Many of you are about to be "pitched" by handicapping services hoping for your business. Some of you will get phone calls. Some of you will receive flyers or brochures in the mail. Some of you will receive emails. Some of you will get it all!
March Madness offers up the last big sales drive for both legitimate and illegitimate handicapping services. Interest in the NBA playoffs is relatively light amongst the nation's sports gamblers. Major league baseball is virtually dead. This is it until next football season. And, given the question marks about the future of offshore wagering, THIS COULD BE IT, PERIOD for some places.
I can relay to you from my contacts currently in the industry that sales haven't yet taken a big hit from the offshore news. Sports services existed long before the internet was invented, and long before the offshore industry sprouted up. Avid players have outs. Handicapping services are still trying to find these players and sell something to them. It remains to be seen what will happen in the Fall. The best guess is that we'll see a decrease in the number of services who can stay afloat, but not a collapse in the industry. As has been said a thousand times here at MajorWager.com, people love to bet.
I've been on the fringes (or closer) of the industry for more than 20 years. I thought this might be a good time to answer a few of the questions that potential clients have about these places. As you make decisions about whether or not to pay for college basketball assistance in the coming days and weeks, I hope you'll consider that these companies are spending a lot more time worrying about getting your money than they are about picking winners.
First, let's answer the big question: Do any of these places win?
They all win and they all lose. You can't possibly judge off a small sample size anyway. The most honest, legitimate places in the world will have losing streaks. The least reputable boiler room scammers will have hot streaks where they hit everything. You won't possibly be able to know ahead of time whether or not any of these guys contacting you will be winners over the next few weeks. They'll all paint a rosy picture. Nobody will be able to go out and make shots for their teams. It's ultimately up to the players on the floor. Last year's March Madness proved that time and time again.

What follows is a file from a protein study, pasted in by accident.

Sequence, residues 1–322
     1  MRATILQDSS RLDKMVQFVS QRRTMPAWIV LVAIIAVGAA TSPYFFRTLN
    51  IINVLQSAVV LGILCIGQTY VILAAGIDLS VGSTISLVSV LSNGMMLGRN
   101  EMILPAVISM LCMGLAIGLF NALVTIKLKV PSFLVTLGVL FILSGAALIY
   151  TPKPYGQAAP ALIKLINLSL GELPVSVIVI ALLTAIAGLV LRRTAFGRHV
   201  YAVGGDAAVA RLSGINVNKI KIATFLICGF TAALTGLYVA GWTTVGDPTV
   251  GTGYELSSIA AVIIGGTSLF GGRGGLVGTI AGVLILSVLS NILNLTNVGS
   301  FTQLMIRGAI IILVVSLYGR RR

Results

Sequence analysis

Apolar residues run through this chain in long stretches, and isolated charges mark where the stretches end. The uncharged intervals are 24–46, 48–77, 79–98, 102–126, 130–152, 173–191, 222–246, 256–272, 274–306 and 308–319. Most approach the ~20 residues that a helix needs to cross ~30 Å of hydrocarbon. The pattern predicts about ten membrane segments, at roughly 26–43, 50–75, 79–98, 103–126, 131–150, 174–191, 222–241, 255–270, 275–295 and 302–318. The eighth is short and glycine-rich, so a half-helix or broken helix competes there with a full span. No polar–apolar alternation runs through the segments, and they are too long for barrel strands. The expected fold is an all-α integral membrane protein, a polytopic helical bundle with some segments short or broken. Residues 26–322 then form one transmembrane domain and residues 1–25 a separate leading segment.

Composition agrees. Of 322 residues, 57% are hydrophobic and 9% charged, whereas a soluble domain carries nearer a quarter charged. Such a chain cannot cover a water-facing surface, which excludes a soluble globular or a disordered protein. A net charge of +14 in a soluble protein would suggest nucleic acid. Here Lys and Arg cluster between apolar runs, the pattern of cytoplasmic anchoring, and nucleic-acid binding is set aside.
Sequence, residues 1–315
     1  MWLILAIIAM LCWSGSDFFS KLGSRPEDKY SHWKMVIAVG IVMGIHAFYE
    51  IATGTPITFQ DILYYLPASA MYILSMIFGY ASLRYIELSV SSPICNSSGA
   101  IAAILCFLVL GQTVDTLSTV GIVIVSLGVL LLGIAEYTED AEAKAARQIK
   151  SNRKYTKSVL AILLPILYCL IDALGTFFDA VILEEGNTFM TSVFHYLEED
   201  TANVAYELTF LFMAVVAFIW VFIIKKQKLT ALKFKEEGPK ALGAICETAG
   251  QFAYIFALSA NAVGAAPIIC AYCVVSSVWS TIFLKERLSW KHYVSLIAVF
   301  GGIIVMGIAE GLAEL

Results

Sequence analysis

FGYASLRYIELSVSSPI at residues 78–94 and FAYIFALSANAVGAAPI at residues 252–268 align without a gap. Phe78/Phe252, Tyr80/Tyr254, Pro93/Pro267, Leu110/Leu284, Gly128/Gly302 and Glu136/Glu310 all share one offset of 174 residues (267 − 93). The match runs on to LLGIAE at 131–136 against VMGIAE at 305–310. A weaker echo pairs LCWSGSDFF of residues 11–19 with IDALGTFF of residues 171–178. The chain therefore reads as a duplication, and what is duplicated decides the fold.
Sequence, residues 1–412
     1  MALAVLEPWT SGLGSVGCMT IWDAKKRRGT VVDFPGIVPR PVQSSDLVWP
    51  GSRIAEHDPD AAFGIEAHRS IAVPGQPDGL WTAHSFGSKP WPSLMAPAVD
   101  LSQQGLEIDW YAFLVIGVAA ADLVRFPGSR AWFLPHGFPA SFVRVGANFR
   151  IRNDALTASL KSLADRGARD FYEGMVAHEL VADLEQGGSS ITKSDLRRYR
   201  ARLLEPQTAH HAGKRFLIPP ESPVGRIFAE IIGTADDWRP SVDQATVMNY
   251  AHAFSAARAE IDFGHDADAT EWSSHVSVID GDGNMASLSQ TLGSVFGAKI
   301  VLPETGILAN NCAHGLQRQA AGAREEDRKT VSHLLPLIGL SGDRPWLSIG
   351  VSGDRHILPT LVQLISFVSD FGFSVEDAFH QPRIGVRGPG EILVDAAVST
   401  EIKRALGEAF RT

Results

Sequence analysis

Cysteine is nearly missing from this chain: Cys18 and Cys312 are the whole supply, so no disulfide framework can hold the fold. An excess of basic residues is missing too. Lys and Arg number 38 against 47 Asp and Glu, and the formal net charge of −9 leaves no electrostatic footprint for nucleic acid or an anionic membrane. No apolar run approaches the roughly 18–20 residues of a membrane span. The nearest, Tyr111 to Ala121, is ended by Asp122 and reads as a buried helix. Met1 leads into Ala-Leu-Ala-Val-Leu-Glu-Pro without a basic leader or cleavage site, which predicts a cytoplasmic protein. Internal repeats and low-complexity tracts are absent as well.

Next big question: do any of these places lie?
Some lie...some mislead...some "lie by omission" because they tell you only the good things and not the bad things. If they have something good to report that's actually true, they'll report it. If not, many will make something up. That's the nature of the beast.
*A guy calling from a phone room is going to tell you whatever it takes to get you to buy something. That's his job. His job is not to say "We've won a few games lately and we're hoping to get your business." He's under orders to find out what you bet per game...to match an offer with the size player you say that you are (they know you lie too, they account for that!), and to find a way to get you to buy something.
*The direct mail you receive probably has a comprehensive listing of games from past successes. It may be "results" from last year's tournament. It may be results from the past month of the regular season. It's very likely to feature a fantastic won-lost record over a large sampling of games...with a list of all the games as "proof" of the record. I stopped helping these places write their ads several years ago when I found out they just made it all up. They had been faxing me a list of results, and I thought they were just sending the actual results of whatever "club" had done best. They weren't. They were just grabbing winners from old schedules figuring nobody on the mailing list would know any better. I found this out when they were pressed for time and asked ME to go through old schedules and make up a list of winners that added up to 79%. This is who you're dealing with if you call some of the places that send out brochures or ad pamphlets.